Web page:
Abstract: Contrary to traditional currencies, cryptocurrencies neither have physical form nor are they guaranteed or backed by any central authority. They simply attain value by usage and the confidence of those participating in the respective system. A crypto-payment-system is a technology which allows for payments between individuals digitally with-out relying on central institutions, intermediaries or further infrastructure as required for conventional payment systems. While its legitimacy as currency has been questioned due to its high exchange rate volatility, the significant potential of the Bitcoin technology as a payment system is undeniable. As postal operators typically have a role as financial intermediaries and act in an inter-national and increasingly digital environment, crypto-payment-systems may be of par-ticular interest to them. In fact, as the post has a wide network of access points and is highly trusted by the general public, it may be well-suited to offer services which coun-ter some disadvantages of crypto-payment systems and cryptocurrencies, while retain-ing the benefits of their technology. By turning to crypto-payment-systems postal opera-tors may extend their role as a financial intermediary with new domestic and interna-tional services. Furthermore, postal operators may even issue their own cryptocurrency to protect customers from the high exchange-rate volatility of cryptocurrencies.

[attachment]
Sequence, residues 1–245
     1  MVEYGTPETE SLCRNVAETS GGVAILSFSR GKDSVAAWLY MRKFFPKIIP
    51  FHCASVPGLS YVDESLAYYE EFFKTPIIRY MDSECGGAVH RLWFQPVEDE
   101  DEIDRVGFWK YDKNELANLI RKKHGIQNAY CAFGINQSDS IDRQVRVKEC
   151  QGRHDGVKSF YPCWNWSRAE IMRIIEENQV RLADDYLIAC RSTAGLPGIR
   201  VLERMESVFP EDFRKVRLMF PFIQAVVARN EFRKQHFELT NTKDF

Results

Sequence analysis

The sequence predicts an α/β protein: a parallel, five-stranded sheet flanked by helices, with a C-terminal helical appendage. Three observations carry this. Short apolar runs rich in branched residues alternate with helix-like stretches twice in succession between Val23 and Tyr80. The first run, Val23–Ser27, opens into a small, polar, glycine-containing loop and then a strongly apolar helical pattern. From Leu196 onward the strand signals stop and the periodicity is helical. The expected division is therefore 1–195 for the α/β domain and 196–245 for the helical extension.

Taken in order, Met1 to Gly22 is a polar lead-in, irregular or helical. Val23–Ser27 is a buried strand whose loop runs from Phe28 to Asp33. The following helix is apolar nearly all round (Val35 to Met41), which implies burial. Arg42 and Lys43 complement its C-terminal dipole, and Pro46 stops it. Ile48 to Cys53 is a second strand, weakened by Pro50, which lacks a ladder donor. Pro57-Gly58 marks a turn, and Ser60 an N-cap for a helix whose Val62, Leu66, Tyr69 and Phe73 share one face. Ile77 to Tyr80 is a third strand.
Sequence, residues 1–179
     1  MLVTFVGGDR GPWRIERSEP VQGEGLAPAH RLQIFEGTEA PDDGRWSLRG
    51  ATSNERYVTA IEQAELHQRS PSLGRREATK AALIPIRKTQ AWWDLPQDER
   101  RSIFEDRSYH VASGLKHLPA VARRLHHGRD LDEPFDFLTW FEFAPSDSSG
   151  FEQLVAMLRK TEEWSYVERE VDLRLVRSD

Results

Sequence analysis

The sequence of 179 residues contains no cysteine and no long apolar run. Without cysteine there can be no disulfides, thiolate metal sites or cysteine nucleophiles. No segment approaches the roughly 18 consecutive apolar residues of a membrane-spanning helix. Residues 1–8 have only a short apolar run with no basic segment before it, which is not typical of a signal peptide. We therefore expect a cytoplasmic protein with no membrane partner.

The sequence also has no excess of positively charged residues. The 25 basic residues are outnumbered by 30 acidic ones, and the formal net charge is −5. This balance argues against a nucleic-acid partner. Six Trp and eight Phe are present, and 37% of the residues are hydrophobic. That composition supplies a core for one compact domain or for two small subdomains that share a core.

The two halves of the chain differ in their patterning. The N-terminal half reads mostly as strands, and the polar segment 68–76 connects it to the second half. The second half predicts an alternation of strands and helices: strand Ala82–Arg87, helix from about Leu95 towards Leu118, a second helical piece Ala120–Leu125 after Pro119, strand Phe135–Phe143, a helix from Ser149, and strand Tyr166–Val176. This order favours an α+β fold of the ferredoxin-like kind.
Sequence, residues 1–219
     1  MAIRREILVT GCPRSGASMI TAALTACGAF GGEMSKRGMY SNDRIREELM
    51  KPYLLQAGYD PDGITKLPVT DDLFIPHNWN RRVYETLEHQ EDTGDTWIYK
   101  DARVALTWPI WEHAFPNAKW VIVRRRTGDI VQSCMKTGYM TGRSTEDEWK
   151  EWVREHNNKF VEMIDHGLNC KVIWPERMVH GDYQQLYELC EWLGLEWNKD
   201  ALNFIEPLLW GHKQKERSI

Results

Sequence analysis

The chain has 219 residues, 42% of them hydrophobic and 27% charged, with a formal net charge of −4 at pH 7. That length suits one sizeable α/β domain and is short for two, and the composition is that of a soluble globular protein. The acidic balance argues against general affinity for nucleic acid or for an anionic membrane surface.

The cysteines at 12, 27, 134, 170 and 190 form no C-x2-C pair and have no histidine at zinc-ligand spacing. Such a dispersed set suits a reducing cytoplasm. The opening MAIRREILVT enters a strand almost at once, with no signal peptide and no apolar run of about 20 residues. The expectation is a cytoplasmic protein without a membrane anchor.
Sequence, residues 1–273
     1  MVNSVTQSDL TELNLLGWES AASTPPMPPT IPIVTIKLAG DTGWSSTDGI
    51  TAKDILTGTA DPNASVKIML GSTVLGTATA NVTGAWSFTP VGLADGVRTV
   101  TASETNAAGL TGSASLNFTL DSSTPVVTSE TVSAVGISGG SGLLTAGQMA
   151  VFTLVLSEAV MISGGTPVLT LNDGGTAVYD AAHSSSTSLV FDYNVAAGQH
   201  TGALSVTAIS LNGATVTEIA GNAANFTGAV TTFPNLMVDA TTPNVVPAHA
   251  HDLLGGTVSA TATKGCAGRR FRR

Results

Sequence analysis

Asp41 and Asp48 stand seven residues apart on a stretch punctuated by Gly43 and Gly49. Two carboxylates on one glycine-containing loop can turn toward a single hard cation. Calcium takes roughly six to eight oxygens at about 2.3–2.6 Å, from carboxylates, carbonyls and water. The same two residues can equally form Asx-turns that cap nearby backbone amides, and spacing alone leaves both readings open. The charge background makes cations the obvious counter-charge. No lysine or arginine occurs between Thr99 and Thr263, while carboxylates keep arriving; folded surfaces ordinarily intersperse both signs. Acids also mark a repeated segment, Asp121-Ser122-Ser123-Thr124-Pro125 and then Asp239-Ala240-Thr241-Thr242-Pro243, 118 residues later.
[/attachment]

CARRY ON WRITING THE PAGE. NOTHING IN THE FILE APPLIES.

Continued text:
Keywords: Postal Sector, Cryptocurrencies, Bitcoin, Financial Services, Financial Inclusion
    JEL: L43 L51
    Date: 2015–06
  8. By: Simone Tagliapietra; Georg Zachmann